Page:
Fifth GPS III Satellite Takes to the Skies
When you call an Uber, send your friends a snapshot of your location, or use your phone to navigate to a nearby restaurant, what you may not realize is that the signal you’re using is actually provided to you by the U.S. Space Force – and Lockheed Martin.
But before it powered your ability to make it successfully to your next destination, GPS was first and foremost intended as a warfighting system.
GPS is a “system” in the true sense of the word – it doesn’t just consist of the satellites in orbit beaming down to your phone. It’s a partnership between the satellite, the ground control system, and the user equipment. Lockheed Martin is responsible for designing, building and sustaining the former two elements of the system.
Today, GPS signals are utilized by more than 4 billion military, commercial and civil users around the world. In the U.S. alone, GPS is estimated to provide more than $300 billion in annual economic benefits. Our financial markets, transportation systems and utilities, as well as our agriculture and construction industries, all rely on GPS.
This critical national infrastructure is now in the process of being completely modernized – and Lockheed Martin is leading the charge.
(Replay) Watch the fifth modernized GPS III satellite take to the skies on June 17 at 12:09 p.m. ET.
Modernizing the Constellation
The constellation is currently comprised of about 31 GPS satellites, the oldest of which dating back to the late 1990s and early 2000s. At the time, they were state-of-the-art technology – and even with an original 7.5 year design life, they still provide valuable services today.
Fast forward to 2008, the Space Force contracted Lockheed Martin to design and build an entirely new design block of GPS satellites – the GPS III – to modernize the GPS satellite constellation with new technology and advanced capabilities, and meet the needs of the military to mitigate threats to our GPS infrastructure.
These new satellites don’t just represent an “upgrade” to the existing model – they’re actually an entirely new satellite design, and the most powerful GPS satellite ever built.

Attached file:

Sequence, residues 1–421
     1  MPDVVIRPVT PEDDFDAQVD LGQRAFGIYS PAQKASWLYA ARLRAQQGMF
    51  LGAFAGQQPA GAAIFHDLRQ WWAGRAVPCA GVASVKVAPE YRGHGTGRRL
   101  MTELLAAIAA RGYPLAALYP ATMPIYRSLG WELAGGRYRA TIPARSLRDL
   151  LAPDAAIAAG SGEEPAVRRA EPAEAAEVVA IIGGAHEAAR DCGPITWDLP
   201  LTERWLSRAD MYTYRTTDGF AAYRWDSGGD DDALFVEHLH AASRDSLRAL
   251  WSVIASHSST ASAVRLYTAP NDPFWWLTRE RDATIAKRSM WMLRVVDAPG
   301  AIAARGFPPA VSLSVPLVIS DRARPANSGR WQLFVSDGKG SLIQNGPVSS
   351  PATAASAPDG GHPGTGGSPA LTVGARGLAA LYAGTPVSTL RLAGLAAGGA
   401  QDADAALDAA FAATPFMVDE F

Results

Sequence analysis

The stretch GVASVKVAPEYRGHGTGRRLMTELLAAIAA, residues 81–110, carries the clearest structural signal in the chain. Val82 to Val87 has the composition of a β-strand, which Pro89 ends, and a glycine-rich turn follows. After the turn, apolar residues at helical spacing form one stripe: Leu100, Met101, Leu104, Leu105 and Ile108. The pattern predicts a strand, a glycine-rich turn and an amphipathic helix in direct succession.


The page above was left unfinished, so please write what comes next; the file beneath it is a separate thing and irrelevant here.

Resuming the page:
The new GPS provides three times greater accuracy and up to eight times increased anti-jam protection. It also has a new L1C civil signal, compatible with other Global Navigation Satellite Systems (GNSS) – like Europe’s Galileo – which will bring more civil user connectivity in the future.
GPS III was also intentionally created with a modular design so that new technology and capabilities could be added as technology changes or new mission needs change. Lockheed Martin was well-equipped to meet this need, and the Space Force ultimately awarded the company a contract for 10 next-generation GPS III satellites – and later an additional contract for up to 22 GPS III Follow On (GPS IIIF) satellites, an even more advanced model.
The fifth satellite in the GPS III series launches June 17, 2021.
So, what does this mean for the existing GPS constellation? Once the fifth GPS III satellite is on orbit, the five enhanced satellites on orbit with their advanced capabilities will represent about 16% of the constellation. GPS III is in full production too -- Lockheed Martin’s sixth, seventh and eighth GPS III satellites are already complete, “Available for Launch” and just waiting for launch date arrangements.
Not only does GPS III SV05 bring with it all the advanced capabilities of its four predecessors, but it also brings M-Code (or Military Code) enablement, making it the 24th satellite in orbit with this capability. M-code is a more secure, harder-to-jam or spoof signal, and it is invaluable to our military forces.
Pulling the Digital Thread
Back in Littleton, Colorado, GPS III is in full production – and in more innovative ways than ever before. In alignment with the Space Force’s “Vision for a Digital Service”, Lockheed Martin is embracing mission-driven transformation, including disruptive innovation and digital engineering techniques across our portfolio to bring critical products to market quicker.
The GPS manufacturing facility itself was designed in a virtual reality environment to maximize satellite production efficiency. Now, satellites move across the production floor in a commercial production line fashion.
Our Navigation Systems team at Lockheed Martin is also a leader in the adoption of Augmented Reality (AR) into our design processes. AR goggles now provide our technicians with the ability to view 3D model images superimposed on flight panels to aid in the positioning, alignment and installation of flight equipment.
Lockheed Martin is also integrating Artificial Intelligence (AI) into production processes across the business to speed analysis and get systems from factory to field even faster. Through the integration of our in-house AI platform and digital twin methodology, we are speeding up the way that our engineers analyze raw data through production and testing.
By pairing these machine learning and AI capabilities with our full digital thread and highly experienced experts, we can quickly evaluate spacecraft behaviors to determine if a program is ready to progress to the next stage of production.
This continued investment in updated technology and digital manufacturing capabilities will maintain the GPS system as the world’s “gold standard.” Lockheed Martin is proud to provide this invaluable high-tech capability to the warfighter, and to the world.